On 09/22/2002 03:38 PM, Michael Sims wrote:
>>Basically, it's really easy to create multiple interfaces to the same
>>business logic. Don't try to make things more complicated than
>>necessary, and since there is no need to use multiple languages in your
>>implementation, that is a complexity worth avoiding.
> Point well taken. However, allow me to explain some things that I
> left out of my original post:
> I decided to go with Perl for a few different reasons. First of all,
> I wanted to get more comfortable working with Perl, mainly so I could
> get exposed to languages other than PHP. I had used Perl in the past,
> but only for small tasks. I saw this project as an opportunity to
> pick up some useful Perl experience.
Good idea, bad project. It is good that you diversify your knowlegde if
that helps your career but I think it is not a good idea to make
technology shift in a project that is already written and working well
in a certain language. I would say the same if the project was written
in Perl and you wanted to change to PHP to diversify your knowledge.
I recommend that you do that in a low risk project that you can start
from scratch. If you do the change now, chances are that you will face
many difficulties and a lot more work than you could antecipate.
> Another reason I went with Perl is because IMHO some of the tasks I
> needed to accomplish are just easier done in Perl. Part of the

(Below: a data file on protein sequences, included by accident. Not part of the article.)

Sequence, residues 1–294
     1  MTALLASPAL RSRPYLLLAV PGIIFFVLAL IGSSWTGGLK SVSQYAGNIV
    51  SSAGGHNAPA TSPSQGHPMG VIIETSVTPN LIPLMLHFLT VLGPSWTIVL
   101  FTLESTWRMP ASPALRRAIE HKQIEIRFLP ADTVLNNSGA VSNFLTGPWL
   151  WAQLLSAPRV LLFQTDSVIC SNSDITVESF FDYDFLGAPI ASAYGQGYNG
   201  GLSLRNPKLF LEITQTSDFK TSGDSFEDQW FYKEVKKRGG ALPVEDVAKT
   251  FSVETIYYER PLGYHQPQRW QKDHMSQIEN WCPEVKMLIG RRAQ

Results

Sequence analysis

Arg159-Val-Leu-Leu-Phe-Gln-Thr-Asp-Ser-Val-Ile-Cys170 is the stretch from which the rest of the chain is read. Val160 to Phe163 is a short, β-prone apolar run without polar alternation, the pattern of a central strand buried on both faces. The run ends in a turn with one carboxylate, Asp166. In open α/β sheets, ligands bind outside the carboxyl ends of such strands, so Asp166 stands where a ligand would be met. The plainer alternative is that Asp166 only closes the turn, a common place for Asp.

> functionality of my script is to parse incoming email and take
> different actions based on it's content. My script responds to
> certain embedded commands (subscription confirmations, unsubscribe
> requests, requests for automated help, etc.). It also forwards
> unknown commands to one set of addresses, while forwarding DSN's to
> another set. This means accepting the mail on STDIN and doing a lot
> of regex parsing. I know that this is more than possible in PHP, but
> Perl just seems better suited to this type of task IMHO.
There is no evidence that is true. Maybe that is just your experience
but doing what you mentioned in PHP is a day at the beach.
Reading from stdin is the same as reading from any file. Just use
fopen("php://stdin","r") to get the file handle.
There are many ready to use components to parse complex e-mail if that
is what you want. If you just need to use regular expressions, you can
do that easily in PHP.
I can tell you that I do that myself in a site of mine and probably
handling more complex situations like handling bounced newsletter
messages. I do it all with PHP hands down. I do not see where Perl would
Maybe that is my lack of Perl of experience compared to PHP experience,
or your lack of PHP experience compared to your Perl experience.
> In retrospect it probably would have been better for me to implement
> everything in PHP, from a modularization point of view. I could have,
> like you suggested, put all of my business logic in say a class, and
> included that class from both my webpage and my mail script. But that
> would lock me in to using PHP for everything that needed access to
> that business logic, so I'm still not sure that is the best
My opinion is that switching to Perl in the middle of a project that
already works well in PHP would be a major mistake. You may want to try
it and realize that yourself at the expense of loosing a lot of time and
probably make your employer very nervous.
Regardless if you switch the language, you will always have trouble to
split the business from the presentation logic from your PHP scripts. My
advice is that you do that just splitting the logic in scripts that you
really need to do that. Resist the temptation of doing that in all scripts.
Also, doing that and switching to a new language at the same time would
make it worse. A sure recipe for disaster. Better safe than sorry.
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